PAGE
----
Home-Based tDCS Brain Stimulation Treatments Reduced Inattention in Adults with ADHD

Home-Based tDCS Brain Stimulation Treatments Reduced Inattention in Adults with ADHD

Posted: December 8, 2022
Home-Based tDCS Brain Stimulation Treatments Reduced Inattention in Adults with ADHD

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Researchers have obtained promising results in a clinical trial of a home-based non-invasive brain stimulation treatment for adults with ADHD. The treatment, using tDCS technology, was associated with lower inattention symptoms in patients.


Researchers have obtained promising results in a clinical trial of a home-based non-invasive brain stimulation treatment for adults with ADHD.

Douglas Teixeira Leffa, M.D., Ph.D., of the Universidade Federal do Rio Grande do Sul in Brazil, was first author of the paper reporting the results in JAMA Psychiatry. Dr. Leffa’s 2020 BBRF Young Investigator project was devoted to performing the study. Luis Augusto Rohde, M.D., Ph.D., of the same university, was the paper’s senior author.

The study was motivated by several factors. One is that long-term adherence to stimulant medicines, which are the first-line treatment for people with ADHD, is often low, the researchers said, due to adverse events, minimal symptom response, or patient disinclination to remain on drug treatments over an extended period of time.

A form of non-invasive brain stimulation called transcranial direct current stimulation (tDCS) has been tested on a pilot basis in ADHD patients, but results have been inconclusive, in part due to small patient sample sizes and brief trial test periods. To address this Drs. Leffa, Rohde and colleagues conducted a randomized, placebo-controlled trial of tDCS in 64 adult patients diagnosed with moderate to severe ADHD. tDCS involves application of a low-intensity current over the scalp intended to alter the excitability of cortical neurons and thereby increase brain plasticity. Conventional tDCS protocols involve daily treatments provided at medical centers or offices, thus requiring patients to make repeated visits over the several weeks of a typical treatment period.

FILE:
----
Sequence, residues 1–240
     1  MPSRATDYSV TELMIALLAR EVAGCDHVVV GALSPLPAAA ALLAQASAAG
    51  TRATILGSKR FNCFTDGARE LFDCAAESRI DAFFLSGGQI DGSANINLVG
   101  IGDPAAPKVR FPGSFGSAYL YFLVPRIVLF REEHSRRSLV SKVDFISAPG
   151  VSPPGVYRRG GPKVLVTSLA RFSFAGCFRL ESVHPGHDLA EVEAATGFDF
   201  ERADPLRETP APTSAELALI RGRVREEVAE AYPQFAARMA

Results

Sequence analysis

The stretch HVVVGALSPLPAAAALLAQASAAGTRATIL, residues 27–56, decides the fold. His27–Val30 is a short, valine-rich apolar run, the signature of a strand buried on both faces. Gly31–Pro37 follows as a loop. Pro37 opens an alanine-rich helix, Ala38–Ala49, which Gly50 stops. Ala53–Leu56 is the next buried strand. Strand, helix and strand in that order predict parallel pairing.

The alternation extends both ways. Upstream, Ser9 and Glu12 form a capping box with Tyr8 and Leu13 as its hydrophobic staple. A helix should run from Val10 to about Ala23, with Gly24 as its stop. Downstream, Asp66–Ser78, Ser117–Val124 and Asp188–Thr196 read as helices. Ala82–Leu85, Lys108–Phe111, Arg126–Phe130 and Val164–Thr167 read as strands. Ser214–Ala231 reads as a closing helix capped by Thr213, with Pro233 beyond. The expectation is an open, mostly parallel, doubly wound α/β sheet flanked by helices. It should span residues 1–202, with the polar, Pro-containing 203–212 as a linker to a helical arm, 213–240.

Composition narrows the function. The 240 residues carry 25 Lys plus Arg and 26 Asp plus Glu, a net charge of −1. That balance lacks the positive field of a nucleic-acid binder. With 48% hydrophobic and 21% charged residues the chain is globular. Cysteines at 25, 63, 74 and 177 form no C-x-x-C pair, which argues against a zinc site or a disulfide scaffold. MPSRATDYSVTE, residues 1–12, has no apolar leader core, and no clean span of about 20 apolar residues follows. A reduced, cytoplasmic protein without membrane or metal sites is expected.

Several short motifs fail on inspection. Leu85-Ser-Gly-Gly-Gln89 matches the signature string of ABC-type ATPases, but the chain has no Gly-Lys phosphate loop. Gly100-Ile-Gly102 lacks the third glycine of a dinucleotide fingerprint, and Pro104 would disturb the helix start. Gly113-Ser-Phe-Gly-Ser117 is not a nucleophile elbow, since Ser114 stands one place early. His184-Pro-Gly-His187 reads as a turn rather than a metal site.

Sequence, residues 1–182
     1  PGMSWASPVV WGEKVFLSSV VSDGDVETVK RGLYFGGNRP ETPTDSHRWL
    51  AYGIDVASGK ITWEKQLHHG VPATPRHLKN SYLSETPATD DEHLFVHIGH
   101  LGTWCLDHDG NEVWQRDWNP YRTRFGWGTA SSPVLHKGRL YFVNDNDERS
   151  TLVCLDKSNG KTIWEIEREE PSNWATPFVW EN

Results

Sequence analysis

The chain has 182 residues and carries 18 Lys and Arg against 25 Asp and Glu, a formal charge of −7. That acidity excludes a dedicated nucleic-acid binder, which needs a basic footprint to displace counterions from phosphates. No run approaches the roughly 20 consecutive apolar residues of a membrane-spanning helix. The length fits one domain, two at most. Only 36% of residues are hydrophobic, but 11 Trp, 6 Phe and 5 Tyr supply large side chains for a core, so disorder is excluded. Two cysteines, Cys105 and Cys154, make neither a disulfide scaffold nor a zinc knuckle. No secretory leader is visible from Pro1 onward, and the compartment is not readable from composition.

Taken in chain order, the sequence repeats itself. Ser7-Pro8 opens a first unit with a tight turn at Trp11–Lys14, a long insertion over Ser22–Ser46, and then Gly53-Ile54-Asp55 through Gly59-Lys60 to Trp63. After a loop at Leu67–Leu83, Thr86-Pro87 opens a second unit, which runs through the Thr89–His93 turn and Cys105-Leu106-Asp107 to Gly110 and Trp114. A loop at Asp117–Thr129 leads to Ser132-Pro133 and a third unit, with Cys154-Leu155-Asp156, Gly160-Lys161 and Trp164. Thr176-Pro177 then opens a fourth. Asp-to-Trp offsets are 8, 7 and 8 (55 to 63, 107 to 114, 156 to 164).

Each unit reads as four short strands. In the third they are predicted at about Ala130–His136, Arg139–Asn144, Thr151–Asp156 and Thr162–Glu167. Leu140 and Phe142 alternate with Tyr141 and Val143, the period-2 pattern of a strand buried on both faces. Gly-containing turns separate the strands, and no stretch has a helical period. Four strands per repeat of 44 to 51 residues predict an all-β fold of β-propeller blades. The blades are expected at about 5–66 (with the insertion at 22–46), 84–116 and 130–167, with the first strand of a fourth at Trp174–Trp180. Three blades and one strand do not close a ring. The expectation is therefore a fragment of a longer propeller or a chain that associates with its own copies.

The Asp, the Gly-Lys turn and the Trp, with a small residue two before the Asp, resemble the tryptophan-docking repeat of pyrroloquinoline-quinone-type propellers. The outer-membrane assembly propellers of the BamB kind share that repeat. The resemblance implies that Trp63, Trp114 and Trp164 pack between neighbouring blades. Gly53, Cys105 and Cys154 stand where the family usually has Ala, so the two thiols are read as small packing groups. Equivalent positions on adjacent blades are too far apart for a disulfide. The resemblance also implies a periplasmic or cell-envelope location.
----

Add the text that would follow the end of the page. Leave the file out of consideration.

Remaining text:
In their trial, Drs. Leffa, Rohde and colleagues employed a low-power tDCS device that can be used safely in the home without medical supervision. It was developed at the Hospital de Clinicas de Porto Alegre in Brazil and had been used safely in previous trials. The device, featuring electrodes embedded at precise locations within a rubber skull cap, was designed to have a user-friendly interface. It can automatically stop a session if the current is too high and enables a user to stop a session if feeling discomfort; and it can be preprogrammed to deliver a specific number of sessions at specific dosages. The device will not work if the interval between two sessions is less than 16 hours.

Patients, most in their 30s and 40s and about evenly divided among men and women, were assigned to “active tDCS” or “placebo” groups and instructed on how to use the device. The placebo device, indistinguishable superficially, delivered the sensation of actual treatments but no actual stimulation. After receiving an initial tDCS (or placebo) session while assisted by staff, participants over the next 4 weeks were instructed to self-administer tDCS sessions at home lasting 30 minutes each day, seven days a week. Apart from being asked to take the treatment while seated and at the same time each day, there were no additional behavioral limitations.

Importantly, participants were not taking stimulant medications for their ADHD (or agreed not to take them for 30 days before beginning the trial). A few were taking medicines for moderate depression or anxiety. After an initial evaluation, all were assessed after the 2nd week of the trial and after its conclusion in week 4.

Fifty-five participants finished the trial, and on average they completed nearly all (25 of 28) of the prescribed self-administered tDCS sessions. Analysis showed that those who received active tDCS had decreased symptoms of inattention as compared with those in the placebo group. The advantage of the active treatment was not seen until after the 2nd week of the trial, suggesting to the team that brief treatment courses may not deliver sufficient stimulation to have a noticeable therapeutic effect.

The active tDCS treatment was not associated with improvements in hyperactivity-impulsivity symptoms, which are also experienced by many people with ADHD. (About half of those who took part in the trial had such symptoms, in addition to inattention). The treatment also did not improve symptoms of depression, anxiety, or deficits in executive function that some participants experienced prior to the trial.

Most of those who dropped out did so due to COVID-period complications. Mild side effects were reported, typical of tDCS: redness of the skin, headache, and minor burning of skin on the scalp.

“Our findings support the use of tDCS as a safe and effective treatment for adults with ADHD with no concomitant treatment with stimulants,” the researchers concluded. The home-based device used in the trial “opens a new window of opportunity,” they suggested, “especially for patients who live in geographically remote areas or have disabilities which may hinder access to clinical centers.”

One challenge for future tests of the approach, the team said, would be to individualize home-based tDCS using stimulation intensities and session times tailored to the needs of specific patients. tDCS should also be tested in ADHD patients with various comorbidities and in those who are receiving pharmacological treatment for ADHD, they suggested.

The team included: Joan Camprodon, M.D., Ph.D., MPH, a 2010 BBRF Young Investigator; and André Brunoni, M.D., Ph.D., a 2013 BBRF Young Investigator.